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Hernando R. Penalosa vs.

Severino Santos
G.R. No. 133749

August 23, 2001

Facts:
Severino sold his property to henry. Henry applied for a loan with philam life. As It was already approved
pending the submission of certain documents such as the owners duplicate of transfer certificate of title
which is in possession of severino.
Henry already took possession of the property in question after ejectment of the lessees. He also paid an
ernest money of 300,000 under the premise that it shall be forfeited in favor of severino in case of
nonpayment.
Severino now claims ownership over the property claiming that henry did not pay for the property,
therefore there was no sale to speak of.
Issue: whether or not there is a contract of sale perfected in this case.
Held: there was a perfected contract of sale due to the second deed of sale.
The basic characteristic of an absolutely simulated or fictitious contract is that the apparent contract is not
really desired or intended to produce legal effects or alter the juridical situation of the parties in any way. 30
However, in this case, the parties already undertook certain acts which were directed towards fulfillment
of their respective covenants under the second deed, indicating that they intended to give effect to their
agreement.
Further, the fact that Severino executed the two deeds in question, primarily so that petitioner could eject
the tenant and enter into a loan/mortgage contract with Philam Life, is to our mind, a strong indication that
he intended to transfer ownership of the property to petitioner. For why else would he authorize the latter
to sue the tenant for ejectment under a claim of ownership, if he truly did not intend to sell the property to
petitioner in the first place? Needless to state, it does not make sense for Severino to allow petitioner to
pursue the ejectment case, in petitioner's own name, with petitioner arguing that he had bought the
property from Severino and thus entitled to possession thereof, if petitioner did not have any right to the
property.
Also worth noting is the fact that in the case filed by Severino's tenant against Severino and petitioner in
1989, assailing the validity of the sale made to petitioner, Severino explicitly asserted in his sworn answer
to the complaint that the sale was a legitimate transaction. He further alleged that the ejectment case filed
by petitioner against the tenant was a legitimate action by an owner against one who refuses to turn over
possession of his property.
It should be emphasized that the non-appearance of the parties before the notary public who notarized
the deed does not necessarily nullify nor render the parties' transaction void ab initio. We have held
previously that the provision of Article 1358 of the New Civil Code on the necessity of a public document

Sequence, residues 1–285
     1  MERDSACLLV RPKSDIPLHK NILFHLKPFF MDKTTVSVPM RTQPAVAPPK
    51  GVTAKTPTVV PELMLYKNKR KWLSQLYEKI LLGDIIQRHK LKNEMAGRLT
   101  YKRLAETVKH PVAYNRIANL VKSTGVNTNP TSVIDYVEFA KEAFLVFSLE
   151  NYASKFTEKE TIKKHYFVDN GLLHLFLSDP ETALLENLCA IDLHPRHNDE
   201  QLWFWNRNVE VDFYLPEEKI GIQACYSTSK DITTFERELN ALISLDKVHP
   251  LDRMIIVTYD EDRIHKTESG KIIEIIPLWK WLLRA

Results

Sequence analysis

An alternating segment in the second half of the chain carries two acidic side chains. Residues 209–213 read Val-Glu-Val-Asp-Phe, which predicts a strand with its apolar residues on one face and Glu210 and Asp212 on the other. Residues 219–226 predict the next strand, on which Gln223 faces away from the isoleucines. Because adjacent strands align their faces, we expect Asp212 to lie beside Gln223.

is only for convenience, not for validity or enforceability. Failure to follow the proper form does not
invalidate a contract. Where a contract is not in the form prescribed by law, the parties can merely compel
each other to observe that form, once the contract has been perfected. 35 This is consistent with the basic
principle that contracts are obligatory in whatever form they may have been entered into, provided all
essential requisites are present.3

The elements of a valid contract of sale under Art. 1458 of the Civil Code are: (1) consent or meeting of
the minds; (2) determinate subject matter; and (3) price certain in money or its equivalent. 37 In the instant
case, the second deed reflects the presence of all these elements and as such, there is already a
perfected contract of sale.
The non-payment of the contract price merely results in a breach of contract for non-performance and
warrants an action for rescission or specific performance under Article 1191 of the Civil Code.
Be that as it may, we agree with petitioner that although the law allows rescission as a remedy for breach
of contract, the same may not be availed of by respondents in this case. To begin with, it was Severino
who prevented full payment of the stipulated price when he refused to deliver the owner's original
duplicate title to Philam Life. His refusal to cooperate was unjustified, because as Severino himself
admitted, he signed the deed precisely to enable petitioner to acquire the loan. He also knew that the
property was to be given as security therefor. Thus, it cannot be said that petitioner breached his
obligation towards Severino since the former has always been willing to and could comply with what was
incumbent upon him.
In sum, the only conclusion which can be deduced from the aforesaid circumstances is that ownership of
the property has been transferred to petitioner.
WHEREFORE, the petition is GRANTED.